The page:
As we approach the 40th anniversary of the Stonewall Riots, New England feels like a roller coaster hurtling toward equality. On April 6, two more states-- Maine and New Hampshire-- passed marriage equality legislation. The Maine bill has been signed into law by Governor Baldacci; New Hampshire awaits the governor's signature. In addition, this year Connecticut and Vermont joined Massachusetts in recognizing same-sex marriage. Thus, at the five-year anniversary of marriage equality, five New England states have at the very least expressed strong support for a vision of inclusiveness. In addition, Iowa-- smack in the heartland-- allows same-sex couples to marry.
Will we have all five New England states with marriage equality on May 17? No, not yet. New Hampshire's Governor Lynch may yet veto the bill, though there is a strong chance that he will let the bill become law without his signature. In Maine, we face a dreaded referendum. Twice the voters of Maine turned back a gay civil rights law. Those opposed to the same-sex marriage law now have 90 days to collect signatures to put it before the voters. They may fail, as they did at their third attempt to overturn the gay civil rights law. But we can't count on it. When same-sex marriage goes to the ballot it is tough to win, as we saw in California last November.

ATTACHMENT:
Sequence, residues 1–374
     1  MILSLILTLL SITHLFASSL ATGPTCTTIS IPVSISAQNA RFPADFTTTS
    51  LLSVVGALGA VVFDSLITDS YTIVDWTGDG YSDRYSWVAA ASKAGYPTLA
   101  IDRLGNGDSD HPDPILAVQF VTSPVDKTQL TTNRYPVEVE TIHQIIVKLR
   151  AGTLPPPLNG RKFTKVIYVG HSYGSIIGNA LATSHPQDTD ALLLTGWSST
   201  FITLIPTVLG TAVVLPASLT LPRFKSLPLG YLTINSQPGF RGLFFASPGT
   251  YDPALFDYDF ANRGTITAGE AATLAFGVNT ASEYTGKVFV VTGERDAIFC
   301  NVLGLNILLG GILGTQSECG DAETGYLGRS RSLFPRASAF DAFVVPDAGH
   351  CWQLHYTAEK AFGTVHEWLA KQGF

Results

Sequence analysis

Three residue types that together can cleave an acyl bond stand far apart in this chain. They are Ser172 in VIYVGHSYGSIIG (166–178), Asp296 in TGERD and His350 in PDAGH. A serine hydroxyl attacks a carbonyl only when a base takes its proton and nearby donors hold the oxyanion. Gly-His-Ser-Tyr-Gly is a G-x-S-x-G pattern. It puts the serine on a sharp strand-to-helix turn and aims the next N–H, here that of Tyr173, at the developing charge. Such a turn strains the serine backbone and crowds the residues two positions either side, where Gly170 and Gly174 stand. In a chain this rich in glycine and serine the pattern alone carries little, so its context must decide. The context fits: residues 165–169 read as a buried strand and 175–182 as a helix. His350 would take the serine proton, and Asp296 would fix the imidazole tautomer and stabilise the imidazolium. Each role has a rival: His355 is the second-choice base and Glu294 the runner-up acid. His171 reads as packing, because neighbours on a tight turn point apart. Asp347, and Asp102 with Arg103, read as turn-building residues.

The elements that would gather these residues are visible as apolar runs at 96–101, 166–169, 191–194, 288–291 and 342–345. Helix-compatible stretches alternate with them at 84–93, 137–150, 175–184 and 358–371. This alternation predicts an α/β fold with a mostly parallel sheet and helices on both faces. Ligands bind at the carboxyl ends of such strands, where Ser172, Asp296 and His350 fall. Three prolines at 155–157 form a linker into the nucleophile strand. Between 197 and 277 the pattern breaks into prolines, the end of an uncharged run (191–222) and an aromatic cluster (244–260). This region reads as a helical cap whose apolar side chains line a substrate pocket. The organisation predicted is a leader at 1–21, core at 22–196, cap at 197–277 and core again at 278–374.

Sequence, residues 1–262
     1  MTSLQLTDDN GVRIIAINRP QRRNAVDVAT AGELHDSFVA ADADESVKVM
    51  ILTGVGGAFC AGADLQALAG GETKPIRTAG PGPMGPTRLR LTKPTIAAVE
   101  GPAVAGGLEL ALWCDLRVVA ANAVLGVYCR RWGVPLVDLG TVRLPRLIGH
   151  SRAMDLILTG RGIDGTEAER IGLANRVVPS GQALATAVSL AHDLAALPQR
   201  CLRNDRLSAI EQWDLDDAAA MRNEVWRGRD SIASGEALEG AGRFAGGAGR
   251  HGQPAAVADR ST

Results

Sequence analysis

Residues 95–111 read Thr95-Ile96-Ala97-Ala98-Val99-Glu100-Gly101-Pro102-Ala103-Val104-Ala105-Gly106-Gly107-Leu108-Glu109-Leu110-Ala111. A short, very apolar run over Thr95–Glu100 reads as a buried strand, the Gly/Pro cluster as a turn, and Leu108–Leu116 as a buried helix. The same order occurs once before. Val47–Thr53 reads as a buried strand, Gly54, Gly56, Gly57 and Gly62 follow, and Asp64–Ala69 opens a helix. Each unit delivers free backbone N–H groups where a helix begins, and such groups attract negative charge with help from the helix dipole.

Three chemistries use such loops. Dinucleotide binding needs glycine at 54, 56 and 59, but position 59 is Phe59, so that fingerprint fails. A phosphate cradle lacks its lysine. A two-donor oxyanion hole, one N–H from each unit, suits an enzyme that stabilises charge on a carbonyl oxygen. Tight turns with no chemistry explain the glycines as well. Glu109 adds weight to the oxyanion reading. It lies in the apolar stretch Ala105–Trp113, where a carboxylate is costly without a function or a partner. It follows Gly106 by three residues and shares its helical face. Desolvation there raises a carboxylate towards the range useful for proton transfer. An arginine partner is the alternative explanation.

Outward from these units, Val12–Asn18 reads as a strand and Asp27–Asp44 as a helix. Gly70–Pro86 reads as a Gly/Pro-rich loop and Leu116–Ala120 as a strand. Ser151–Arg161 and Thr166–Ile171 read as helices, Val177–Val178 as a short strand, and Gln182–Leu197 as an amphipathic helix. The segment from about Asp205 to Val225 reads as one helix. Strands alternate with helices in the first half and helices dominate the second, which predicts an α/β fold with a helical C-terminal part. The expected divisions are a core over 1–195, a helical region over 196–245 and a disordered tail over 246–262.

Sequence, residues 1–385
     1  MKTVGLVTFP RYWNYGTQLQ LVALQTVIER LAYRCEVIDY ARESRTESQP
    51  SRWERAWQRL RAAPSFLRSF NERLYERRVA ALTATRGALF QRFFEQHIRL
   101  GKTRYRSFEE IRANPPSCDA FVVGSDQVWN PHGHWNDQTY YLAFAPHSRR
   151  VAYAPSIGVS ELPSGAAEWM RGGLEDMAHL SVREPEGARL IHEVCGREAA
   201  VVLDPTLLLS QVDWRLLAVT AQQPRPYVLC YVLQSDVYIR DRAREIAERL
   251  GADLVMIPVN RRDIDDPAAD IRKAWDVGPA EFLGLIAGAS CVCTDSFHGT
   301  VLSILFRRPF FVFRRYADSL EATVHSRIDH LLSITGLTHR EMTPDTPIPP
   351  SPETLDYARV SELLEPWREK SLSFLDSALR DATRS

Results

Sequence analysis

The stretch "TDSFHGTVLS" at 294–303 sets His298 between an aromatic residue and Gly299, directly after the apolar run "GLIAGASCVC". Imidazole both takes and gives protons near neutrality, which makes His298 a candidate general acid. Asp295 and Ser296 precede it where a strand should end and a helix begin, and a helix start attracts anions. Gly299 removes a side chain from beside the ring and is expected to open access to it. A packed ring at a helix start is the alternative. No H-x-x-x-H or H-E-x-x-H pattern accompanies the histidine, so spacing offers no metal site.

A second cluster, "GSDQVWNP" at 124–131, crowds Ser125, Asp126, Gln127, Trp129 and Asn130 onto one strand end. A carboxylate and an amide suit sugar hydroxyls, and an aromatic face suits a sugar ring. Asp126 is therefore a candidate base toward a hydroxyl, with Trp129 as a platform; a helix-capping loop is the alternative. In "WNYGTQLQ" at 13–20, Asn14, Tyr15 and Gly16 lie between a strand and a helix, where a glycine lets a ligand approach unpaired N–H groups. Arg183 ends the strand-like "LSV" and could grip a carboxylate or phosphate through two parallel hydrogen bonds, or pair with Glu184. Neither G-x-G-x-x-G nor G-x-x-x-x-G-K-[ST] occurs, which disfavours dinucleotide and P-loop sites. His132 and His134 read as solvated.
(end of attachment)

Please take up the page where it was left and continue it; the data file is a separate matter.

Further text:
Admittedly California didn't have New England's secret weapon-- GLAD. GLAD (Gay & Lesbian Advocates & Defenders) set out last year to bring marriage equality to the six New England states in a campaign called "6 x '12"-- six New England states by 2012. Let's face it: they are way ahead of schedule. And I don't doubt that they have a plan for securing our rights in Maine.
The galloping pace of progress in New England, however, isn't matched by the rest of the country. I got to see this firsthand this winter when I made my annual move from cold New England to tropical Hawaii. Hawaii jumpstarted the marriage equality movement in 1993, when its Supreme Court ruled that it was unconstitutional to exclude same-sex couples from civil marriage. Unfortunately, that ruling was followed by the passage of a state constitutional amendment giving the legislature the right to define marriage as the union of opposite-sex couples. In 1998, Hawaii passed a reciprocal beneficiaries law that gives any two unmarried adults, including same-sex couples, a few limited rights primarily associated with joint property ownership.